§ Dreaming occurs during REM sleep. Cerebral blood flow and oxygen consumption increase. In REM sleep, muscles are inactive.
Wet dreams and orgasm possible. Absence of sexual arousal.

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90-minute sleep state

Sleep alternates between REM and non-REM patterns of sleep.
§ Each sleep cycle is about 90 minutes long (20-30 minutes of REM sleep). 2.5-3h during 8h cycle.

Amount of rem sleep increases as night goes on.

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Mental Activity During Sleep

§ People who report their dreams are ‘conscious’ during sleep.
§ There is high cerebral blood flow to the visual association cortex which may account for the visual hallucinations that occur during dreams.
§ There is low blood flow to the primary visual cortex (because the retina is not receiving any light) and the prefrontal cortex (which makes dreams temporally disorganised).
“... the dreamer often has no feeling of striving for long-term goals but rather is carried along by the flow of time by circumstances that crop up in an unpredictable way.”
All ppl dream, few ppl remember them. Unless awoken during rem.
All have visual hallucination,

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Comparative Analysis of Sleep

When lions have gorged themselves on a kill, they may sleep continuously for three days!
In bottle nosed dolphins, the two hemispheres sleep independently so they remain behaviourally alert.
see cute lion sleep on back Photo. ^o^

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Only birds and mammals exhibit rem sleep.

Sleep is universal though.
Obviously flamingo leg does not go limp.
Sleep dependant, on vulnerability to predator attack. And how much they need to eat to survive.

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Functions of Slow-Wave Sleep (I)
Note cannot defy urge to sleep.
§ Effects of sleep deprivation: human studies

- Lack of sleep affects cognitive abilities rather than physical abilities. Does not seem to be to rest physically that we sleep. Really for brain.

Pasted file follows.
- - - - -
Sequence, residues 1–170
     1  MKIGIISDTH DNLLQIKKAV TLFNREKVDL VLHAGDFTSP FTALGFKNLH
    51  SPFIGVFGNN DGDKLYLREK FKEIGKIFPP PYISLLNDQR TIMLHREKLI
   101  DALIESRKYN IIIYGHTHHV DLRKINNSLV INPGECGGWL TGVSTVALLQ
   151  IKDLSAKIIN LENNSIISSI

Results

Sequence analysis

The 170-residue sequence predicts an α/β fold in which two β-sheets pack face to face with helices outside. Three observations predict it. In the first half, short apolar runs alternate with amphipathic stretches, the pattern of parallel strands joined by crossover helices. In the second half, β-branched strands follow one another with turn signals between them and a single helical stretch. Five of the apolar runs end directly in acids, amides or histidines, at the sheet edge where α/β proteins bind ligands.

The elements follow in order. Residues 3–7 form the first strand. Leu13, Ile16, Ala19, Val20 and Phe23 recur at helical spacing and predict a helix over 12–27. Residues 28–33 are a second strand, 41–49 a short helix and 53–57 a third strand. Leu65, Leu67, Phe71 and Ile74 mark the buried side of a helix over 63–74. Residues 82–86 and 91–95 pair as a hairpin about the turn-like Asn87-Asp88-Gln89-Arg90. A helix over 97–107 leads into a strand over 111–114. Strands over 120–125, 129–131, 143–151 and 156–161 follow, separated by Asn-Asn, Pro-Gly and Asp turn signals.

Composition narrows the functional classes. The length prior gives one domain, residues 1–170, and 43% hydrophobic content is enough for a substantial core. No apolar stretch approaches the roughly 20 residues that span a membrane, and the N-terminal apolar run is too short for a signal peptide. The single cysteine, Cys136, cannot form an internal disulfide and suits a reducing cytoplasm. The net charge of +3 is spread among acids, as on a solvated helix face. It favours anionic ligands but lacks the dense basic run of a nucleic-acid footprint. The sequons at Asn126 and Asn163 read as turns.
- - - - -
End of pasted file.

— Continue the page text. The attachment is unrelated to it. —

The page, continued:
- You never regain lost sleep after sleep deprivation.
Though it appears you make up a bit more of stage 4 and REM sleep and brain will try to accomplish this. Compared to stages 1-2. Like 50% vs 7%. Anecdote of boy who stayed up for 1 consecutive days.

- Presence of delta activity and low levels of physiological activity (i.e. low cerebral metabolic rate and cerebral blood flow) during slow-wave sleep indicates that the brain is resting.

- The brain must restore the effects of oxidative stress. Free radical, highgly reactive oxygen species atoms. O2
-Damages cells! Free radicals and antioxidants.

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Effects of sleep deprivation: animal studies

Yoke control rat. Vs experimental rat.
Both rats received equal amounts of exercise but only one animal was sleep deprived (the experimental rat).
A computer recorded EEG of both rats. If EEG of ‘experimental rat’ indicated that it was falling asleep, the motor was activated forcing both animals to exercise.
Experimental rat reduced its total sleep by 87%. The yoked rat reduced its total sleep by 31%.

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- A yoked-control procedure is when

both animals receive the same amount of treatment at the ‘same’ time.

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Functions of REM Sleep

§ Highest proportion of REM sleep is seen during the active phases of development: approximately 70% of a newborn infants sleep is REM sleep. In adulthood, only 15% of sleep is dedicated to REM sleep.